There were a number of very good presentations this year and the after-hours parties were great, but from a security industry standpoint, Black Hat 2011 seemed like it had less energy this year. Some of that might have been because it got so much airplay on commercial media and NPR before and during the event, but even with many, many more people, there just wasn’t as much excitement as in the past. It’s long been clear that the US Government is interested in the space and is spending massive amounts of money on information security and new security technology. It’s also apparent that many organizations are waking up to the fact that they need to develop effective information security programs. Recent discussions with clients are generally about how much more budget they will have in 2012 than this year. These are good things and you’d think they’d lead to significant private investment and more innovation that might show up at Black Hat. However, while Black Hat (and DEF CON for that matter) is supposed to be vendor neutral, you would expect organizations to emerge as industry leaders or at a minimum to show overall industry thought leadership. Other than the US Government and its speakers (in particular Mudge), there wasn’t much commentary on the state of the industry and bigger picture issues. I realize that some of the lack of corporate thought leadership (and momentum) is intentional – Jeff Moss referenced getting back to vendor neutrality in one of the keynote intros and I do understand that Black Hat is more about security research and technology. Nevertheless, in past years, there was at least some industry excitement surrounding new concepts and industry related acquisitions such as IBM buying Ounce and AppScan, or HP buying WebInspect and Fortify. Even the spinoff (and eventual Dell acquisition) of SecureWorks created buzz at Black Hat in the past. There was really no “buzz” and no real unifying industry vision at this year’s event – which ultimately is important as we mature as a vertical. As has happened before with the security industry, roll-ups and investment seem to be bungled. Like the first major round of roll-ups (where Symantec, McAfee, and VeriSign were the acquirers), the latest generation of security rollups appear to be flailing. IBM has struggled to consume ISS and its other recently acquired security product lines. HP appears to be in a similar boat. RSA looked like it might be starting something, but, well they won a pwnie this year… Don’t get me wrong, I enjoyed many of the presentations – Moxie Marlinspike was great, Nelson Elhage’s preso on breaking KVM was interesting, and I always enjoy the Securosis crew. Additionally, the overall focus on mobile security, IOS and Android was good. And the open discussion about advanced persistent threat (APT) and what actually is going on with foreign governments (like China) was refreshing – Alex Stamos gave a good 10 minute overview of APT within his presentation comparing Windows and Apple security. However, you know the industry is having issues when one of the main industry related discussions is about Trustwave trying to go public (which we’ve been hearing for 18 months) and the biggest booth at the show is occupied by a pwnie award winner, RSA (one of the reasons for increased budgets next year). I’m not sure that this will change soon, and, in fact, not having large major players benefits boutique firms like NetSPI, however, with all of the government money and the increased information security budgets, it’s inevitable that we’ll see more investment, new ideas, and new leaders emerge – maybe next year.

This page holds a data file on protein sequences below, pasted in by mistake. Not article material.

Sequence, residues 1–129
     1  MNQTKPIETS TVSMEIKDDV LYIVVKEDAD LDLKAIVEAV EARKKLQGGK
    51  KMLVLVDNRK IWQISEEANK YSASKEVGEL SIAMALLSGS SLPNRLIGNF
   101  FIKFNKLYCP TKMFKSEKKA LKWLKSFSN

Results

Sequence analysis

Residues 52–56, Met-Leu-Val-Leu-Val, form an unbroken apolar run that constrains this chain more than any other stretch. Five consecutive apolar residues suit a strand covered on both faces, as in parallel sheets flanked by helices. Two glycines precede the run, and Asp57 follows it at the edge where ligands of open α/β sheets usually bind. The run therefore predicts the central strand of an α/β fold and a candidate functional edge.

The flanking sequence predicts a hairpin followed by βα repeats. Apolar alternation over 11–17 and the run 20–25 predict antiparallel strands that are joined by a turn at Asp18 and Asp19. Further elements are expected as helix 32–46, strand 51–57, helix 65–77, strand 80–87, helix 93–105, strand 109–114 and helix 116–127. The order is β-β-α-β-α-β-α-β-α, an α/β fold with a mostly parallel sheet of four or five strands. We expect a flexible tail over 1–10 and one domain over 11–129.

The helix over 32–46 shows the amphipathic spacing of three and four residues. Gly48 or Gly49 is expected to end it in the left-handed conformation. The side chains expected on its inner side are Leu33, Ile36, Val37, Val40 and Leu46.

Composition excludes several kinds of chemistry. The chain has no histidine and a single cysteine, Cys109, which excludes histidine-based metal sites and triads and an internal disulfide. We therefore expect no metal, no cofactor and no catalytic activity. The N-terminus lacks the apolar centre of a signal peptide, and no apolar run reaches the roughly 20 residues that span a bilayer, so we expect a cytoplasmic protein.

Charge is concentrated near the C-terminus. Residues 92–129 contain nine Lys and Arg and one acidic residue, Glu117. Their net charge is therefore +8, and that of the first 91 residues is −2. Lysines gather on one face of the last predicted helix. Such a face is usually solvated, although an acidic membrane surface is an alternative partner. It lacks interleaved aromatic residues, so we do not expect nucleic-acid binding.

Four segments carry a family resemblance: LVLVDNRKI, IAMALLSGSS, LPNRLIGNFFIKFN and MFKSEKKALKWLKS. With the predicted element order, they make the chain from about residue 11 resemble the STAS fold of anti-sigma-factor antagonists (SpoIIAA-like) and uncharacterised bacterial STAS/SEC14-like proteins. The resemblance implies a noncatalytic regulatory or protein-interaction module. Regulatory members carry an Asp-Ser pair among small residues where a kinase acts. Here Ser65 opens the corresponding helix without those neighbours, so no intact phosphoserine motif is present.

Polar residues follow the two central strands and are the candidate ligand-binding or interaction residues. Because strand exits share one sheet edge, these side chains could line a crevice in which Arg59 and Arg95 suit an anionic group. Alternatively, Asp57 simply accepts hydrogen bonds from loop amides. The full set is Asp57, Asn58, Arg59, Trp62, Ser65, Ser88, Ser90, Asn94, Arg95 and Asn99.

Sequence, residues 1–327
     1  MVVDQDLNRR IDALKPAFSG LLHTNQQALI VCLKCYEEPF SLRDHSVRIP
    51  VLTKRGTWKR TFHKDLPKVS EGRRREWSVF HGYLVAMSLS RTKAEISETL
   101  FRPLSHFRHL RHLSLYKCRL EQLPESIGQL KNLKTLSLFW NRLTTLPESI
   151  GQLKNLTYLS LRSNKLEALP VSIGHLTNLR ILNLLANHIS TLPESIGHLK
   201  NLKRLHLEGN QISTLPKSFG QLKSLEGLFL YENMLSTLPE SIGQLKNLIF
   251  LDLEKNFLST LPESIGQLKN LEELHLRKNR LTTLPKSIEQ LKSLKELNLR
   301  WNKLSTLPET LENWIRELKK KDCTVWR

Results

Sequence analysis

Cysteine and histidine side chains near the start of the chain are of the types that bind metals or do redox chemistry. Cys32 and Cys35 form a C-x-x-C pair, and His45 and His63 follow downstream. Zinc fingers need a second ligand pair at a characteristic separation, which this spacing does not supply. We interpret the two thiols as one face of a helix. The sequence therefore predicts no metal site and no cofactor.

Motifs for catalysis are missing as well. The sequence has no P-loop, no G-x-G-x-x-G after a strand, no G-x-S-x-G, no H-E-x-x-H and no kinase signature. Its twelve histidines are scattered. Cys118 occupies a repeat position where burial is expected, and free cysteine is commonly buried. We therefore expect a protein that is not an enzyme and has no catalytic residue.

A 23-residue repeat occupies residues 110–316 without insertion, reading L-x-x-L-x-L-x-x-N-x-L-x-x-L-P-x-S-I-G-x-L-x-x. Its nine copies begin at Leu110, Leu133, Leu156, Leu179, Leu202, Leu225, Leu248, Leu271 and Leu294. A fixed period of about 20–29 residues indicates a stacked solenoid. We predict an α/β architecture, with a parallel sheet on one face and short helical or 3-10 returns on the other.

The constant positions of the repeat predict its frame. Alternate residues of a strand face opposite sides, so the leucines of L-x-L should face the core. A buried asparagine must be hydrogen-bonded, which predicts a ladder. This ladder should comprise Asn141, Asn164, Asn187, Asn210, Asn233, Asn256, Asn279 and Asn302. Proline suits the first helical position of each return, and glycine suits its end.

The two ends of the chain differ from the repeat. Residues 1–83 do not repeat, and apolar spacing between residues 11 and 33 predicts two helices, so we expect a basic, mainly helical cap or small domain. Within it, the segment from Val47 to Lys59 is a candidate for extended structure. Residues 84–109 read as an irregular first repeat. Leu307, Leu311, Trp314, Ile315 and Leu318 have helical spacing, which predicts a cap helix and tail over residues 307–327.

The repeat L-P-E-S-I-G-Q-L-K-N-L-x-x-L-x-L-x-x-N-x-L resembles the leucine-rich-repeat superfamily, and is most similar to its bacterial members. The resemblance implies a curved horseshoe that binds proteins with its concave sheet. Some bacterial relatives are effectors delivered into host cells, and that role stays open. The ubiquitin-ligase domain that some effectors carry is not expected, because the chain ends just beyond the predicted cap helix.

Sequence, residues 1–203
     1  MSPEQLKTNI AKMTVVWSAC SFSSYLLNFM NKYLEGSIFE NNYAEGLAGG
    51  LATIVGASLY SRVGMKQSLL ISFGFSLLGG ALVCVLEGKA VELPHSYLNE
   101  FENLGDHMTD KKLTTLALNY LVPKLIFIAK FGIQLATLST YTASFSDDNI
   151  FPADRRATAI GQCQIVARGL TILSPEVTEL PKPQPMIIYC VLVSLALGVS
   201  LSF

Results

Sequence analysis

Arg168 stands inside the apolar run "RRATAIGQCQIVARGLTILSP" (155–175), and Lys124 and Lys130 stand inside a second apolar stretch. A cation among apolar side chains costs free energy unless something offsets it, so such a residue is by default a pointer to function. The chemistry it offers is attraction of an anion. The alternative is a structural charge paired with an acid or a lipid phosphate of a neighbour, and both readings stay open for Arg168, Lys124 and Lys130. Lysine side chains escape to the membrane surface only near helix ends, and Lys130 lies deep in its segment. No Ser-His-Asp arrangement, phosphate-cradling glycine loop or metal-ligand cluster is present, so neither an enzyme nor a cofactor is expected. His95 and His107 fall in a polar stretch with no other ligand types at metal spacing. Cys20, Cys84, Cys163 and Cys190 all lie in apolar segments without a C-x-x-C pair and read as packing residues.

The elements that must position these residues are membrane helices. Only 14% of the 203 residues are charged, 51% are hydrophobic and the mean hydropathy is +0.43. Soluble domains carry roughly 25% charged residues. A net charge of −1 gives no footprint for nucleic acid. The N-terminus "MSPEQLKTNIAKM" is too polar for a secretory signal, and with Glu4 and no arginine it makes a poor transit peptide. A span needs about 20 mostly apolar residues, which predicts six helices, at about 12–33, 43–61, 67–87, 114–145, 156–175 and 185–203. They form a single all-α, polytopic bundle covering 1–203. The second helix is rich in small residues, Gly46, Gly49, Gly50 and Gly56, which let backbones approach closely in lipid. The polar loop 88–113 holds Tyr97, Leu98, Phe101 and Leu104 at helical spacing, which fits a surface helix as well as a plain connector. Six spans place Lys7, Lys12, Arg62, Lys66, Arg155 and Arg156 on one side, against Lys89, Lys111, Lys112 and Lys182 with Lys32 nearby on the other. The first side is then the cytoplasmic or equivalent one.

Necessary cookies help make a website usable by enabling basic functions like page navigation and access to secure areas of the website. The website cannot function properly without these cookies.
YouTube session cookie.
Marketing cookies are used to track visitors across websites. The intention is to display ads that are relevant and engaging for the individual user and thereby more valuable for publishers and third party advertisers.
Analytics cookies help website owners to understand how visitors interact with websites by collecting and reporting information anonymously.
Preference cookies enable a website to remember information that changes the way the website behaves or looks, like your preferred language or the region that you are in.
Unclassified cookies are cookies that we are in the process of classifying, together with the providers of individual cookies.
Cookies are small text files that can be used by websites to make a user's experience more efficient. The law states that we can store cookies on your device if they are strictly necessary for the operation of this site. For all other types of cookies we need your permission. This site uses different types of cookies. Some cookies are placed by third party services that appear on our pages.
Discover why security operations teams choose NetSPI.